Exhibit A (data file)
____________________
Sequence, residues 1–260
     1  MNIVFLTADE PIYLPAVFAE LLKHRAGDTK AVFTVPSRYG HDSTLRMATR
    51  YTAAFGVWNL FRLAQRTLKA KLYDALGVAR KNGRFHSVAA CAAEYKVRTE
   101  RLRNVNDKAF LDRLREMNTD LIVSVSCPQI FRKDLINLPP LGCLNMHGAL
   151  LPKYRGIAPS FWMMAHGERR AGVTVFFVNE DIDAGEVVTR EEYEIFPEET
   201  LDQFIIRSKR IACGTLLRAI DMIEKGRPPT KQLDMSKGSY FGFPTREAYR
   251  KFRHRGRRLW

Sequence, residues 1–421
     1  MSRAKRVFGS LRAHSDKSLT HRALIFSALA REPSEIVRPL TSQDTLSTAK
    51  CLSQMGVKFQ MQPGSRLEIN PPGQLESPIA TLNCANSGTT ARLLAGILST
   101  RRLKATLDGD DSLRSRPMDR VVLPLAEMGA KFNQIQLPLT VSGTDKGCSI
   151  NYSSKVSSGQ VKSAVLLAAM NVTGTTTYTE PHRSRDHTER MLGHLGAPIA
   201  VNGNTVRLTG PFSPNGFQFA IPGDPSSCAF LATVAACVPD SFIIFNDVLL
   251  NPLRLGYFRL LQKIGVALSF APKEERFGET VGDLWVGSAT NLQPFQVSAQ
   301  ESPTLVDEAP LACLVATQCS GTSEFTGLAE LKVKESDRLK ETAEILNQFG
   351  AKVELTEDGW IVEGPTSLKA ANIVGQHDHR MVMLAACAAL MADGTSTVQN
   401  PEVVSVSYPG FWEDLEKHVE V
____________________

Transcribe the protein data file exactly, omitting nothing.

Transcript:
Sequence, residues 1–260
     1  MNIVFLTADE PIYLPAVFAE LLKHRAGDTK AVFTVPSRYG HDSTLRMATR
    51  YTAAFGVWNL FRLAQRTLKA KLYDALGVAR KNGRFHSVAA CAAEYKVRTE
   101  RLRNVNDKAF LDRLREMNTD LIVSVSCPQI FRKDLINLPP LGCLNMHGAL
   151  LPKYRGIAPS FWMMAHGERR AGVTVFFVNE DIDAGEVVTR EEYEIFPEET
   201  LDQFIIRSKR IACGTLLRAI DMIEKGRPPT KQLDMSKGSY FGFPTREAYR
   251  KFRHRGRRLW

Sequence, residues 1–421
     1  MSRAKRVFGS LRAHSDKSLT HRALIFSALA REPSEIVRPL TSQDTLSTAK
    51  CLSQMGVKFQ MQPGSRLEIN PPGQLESPIA TLNCANSGTT ARLLAGILST
   101  RRLKATLDGD DSLRSRPMDR VVLPLAEMGA KFNQIQLPLT VSGTDKGCSI
   151  NYSSKVSSGQ VKSAVLLAAM NVTGTTTYTE PHRSRDHTER MLGHLGAPIA
   201  VNGNTVRLTG PFSPNGFQFA IPGDPSSCAF LATVAACVPD SFIIFNDVLL
   251  NPLRLGYFRL LQKIGVALSF APKEERFGET VGDLWVGSAT NLQPFQVSAQ
   301  ESPTLVDEAP LACLVATQCS GTSEFTGLAE LKVKESDRLK ETAEILNQFG
   351  AKVELTEDGW IVEGPTSLKA ANIVGQHDHR MVMLAACAAL MADGTSTVQN
   401  PEVVSVSYPG FWEDLEKHVE V